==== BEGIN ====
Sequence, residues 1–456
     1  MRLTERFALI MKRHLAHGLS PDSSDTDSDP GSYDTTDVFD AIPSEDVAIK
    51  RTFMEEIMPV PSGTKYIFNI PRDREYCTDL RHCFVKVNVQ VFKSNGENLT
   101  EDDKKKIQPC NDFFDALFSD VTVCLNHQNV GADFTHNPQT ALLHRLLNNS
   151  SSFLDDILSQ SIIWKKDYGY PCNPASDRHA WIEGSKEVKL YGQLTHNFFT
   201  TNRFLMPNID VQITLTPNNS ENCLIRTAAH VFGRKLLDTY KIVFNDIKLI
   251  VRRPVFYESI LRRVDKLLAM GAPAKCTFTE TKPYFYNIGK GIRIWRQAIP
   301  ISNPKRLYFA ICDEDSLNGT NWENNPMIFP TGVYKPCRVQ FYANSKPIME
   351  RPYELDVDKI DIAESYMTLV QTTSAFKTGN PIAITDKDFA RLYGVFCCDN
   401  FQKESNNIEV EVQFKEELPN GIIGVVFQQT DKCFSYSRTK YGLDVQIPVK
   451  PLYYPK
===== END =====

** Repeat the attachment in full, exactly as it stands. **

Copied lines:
Sequence, residues 1–456
     1  MRLTERFALI MKRHLAHGLS PDSSDTDSDP GSYDTTDVFD AIPSEDVAIK
    51  RTFMEEIMPV PSGTKYIFNI PRDREYCTDL RHCFVKVNVQ VFKSNGENLT
   101  EDDKKKIQPC NDFFDALFSD VTVCLNHQNV GADFTHNPQT ALLHRLLNNS
   151  SSFLDDILSQ SIIWKKDYGY PCNPASDRHA WIEGSKEVKL YGQLTHNFFT
   201  TNRFLMPNID VQITLTPNNS ENCLIRTAAH VFGRKLLDTY KIVFNDIKLI
   251  VRRPVFYESI LRRVDKLLAM GAPAKCTFTE TKPYFYNIGK GIRIWRQAIP
   301  ISNPKRLYFA ICDEDSLNGT NWENNPMIFP TGVYKPCRVQ FYANSKPIME
   351  RPYELDVDKI DIAESYMTLV QTTSAFKTGN PIAITDKDFA RLYGVFCCDN
   401  FQKESNNIEV EVQFKEELPN GIIGVVFQQT DKCFSYSRTK YGLDVQIPVK
   451  PLYYPK